Because of Winn-Dixie is a 2005 film adapted from the book of the same name by Kate DiCamillo and directed by Wayne Wang. It was produced by Walden Media and released by 20th Century Fox. The role of Winn-Dixie was played by two Picardy Shepherds, a rare breed from France.
A Cinderella Story is a 2004 American, teen, romantic comedy film. The film stars Hilary Duff, Jennifer Coolidge, Chad Michael Murray and Regina King and was directed by Mark Rosman. The film's plot revolves around two Internet pen pals (Duff and Murray) who meet at a school dance and fall in love but two different worlds keep them apart. It received negative reviews from critics, but was a commercial success and has since gained a cult following.
Pretty Woman is a 1990 American romantic comedy film set in Los Angeles. Written by J.F. Lawton and directed by Garry Marshall, the film stars Richard Gere and Julia Roberts, and features Hector Elizondo, Ralph Bellamy (in his final performance), and Jason Alexander in supporting roles. The story of Pretty Woman centers on the down-on-her-luck Hollywood prostitute Vivian Ward who is hired by a wealthy businessman, Edward Lewis, to be his escort for several business and social functions, and their developing relationship over the course of Vivian's week-long stay with him.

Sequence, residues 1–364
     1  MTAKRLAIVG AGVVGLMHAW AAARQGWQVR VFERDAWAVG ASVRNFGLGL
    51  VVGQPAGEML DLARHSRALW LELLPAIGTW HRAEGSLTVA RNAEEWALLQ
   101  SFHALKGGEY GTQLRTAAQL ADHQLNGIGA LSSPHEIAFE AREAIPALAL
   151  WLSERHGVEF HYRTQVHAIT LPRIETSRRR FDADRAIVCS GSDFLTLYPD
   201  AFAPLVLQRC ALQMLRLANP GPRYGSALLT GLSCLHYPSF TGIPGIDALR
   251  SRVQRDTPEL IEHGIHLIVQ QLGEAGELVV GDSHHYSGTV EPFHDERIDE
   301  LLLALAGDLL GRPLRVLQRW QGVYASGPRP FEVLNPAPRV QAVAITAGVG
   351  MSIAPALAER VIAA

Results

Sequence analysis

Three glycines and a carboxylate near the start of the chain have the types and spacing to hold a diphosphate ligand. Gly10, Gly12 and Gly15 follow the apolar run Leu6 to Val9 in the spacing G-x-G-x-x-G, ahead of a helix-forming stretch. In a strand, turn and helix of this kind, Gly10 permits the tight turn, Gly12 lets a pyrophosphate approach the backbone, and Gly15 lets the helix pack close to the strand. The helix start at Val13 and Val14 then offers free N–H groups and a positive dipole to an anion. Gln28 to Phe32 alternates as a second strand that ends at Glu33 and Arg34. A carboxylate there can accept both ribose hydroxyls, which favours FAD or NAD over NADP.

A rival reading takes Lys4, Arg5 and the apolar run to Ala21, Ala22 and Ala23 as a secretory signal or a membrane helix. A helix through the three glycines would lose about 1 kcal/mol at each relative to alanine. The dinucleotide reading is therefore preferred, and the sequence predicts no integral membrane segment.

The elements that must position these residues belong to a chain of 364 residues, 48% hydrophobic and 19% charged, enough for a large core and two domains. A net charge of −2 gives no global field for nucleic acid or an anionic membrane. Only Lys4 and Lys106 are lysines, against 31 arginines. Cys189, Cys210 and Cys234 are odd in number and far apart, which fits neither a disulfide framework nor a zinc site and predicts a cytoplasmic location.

The Jetsons is an American animated sitcom produced by Hanna-Barbera, originally airing in primetime from 1962–1963 and again from 1985–1987 as part of the weekday/weekend morning programming block called The Funtastic World of Hanna-Barbera. It was Hanna-Barbera’s Space Age counterpart to The Flintstones. Reruns can be seen frequently on Boomerang.
Xena: Warrior Princess is an American–New Zealand supernatural fantasy adventure series that aired in syndication from September 4, 1995 until June 18, 2001.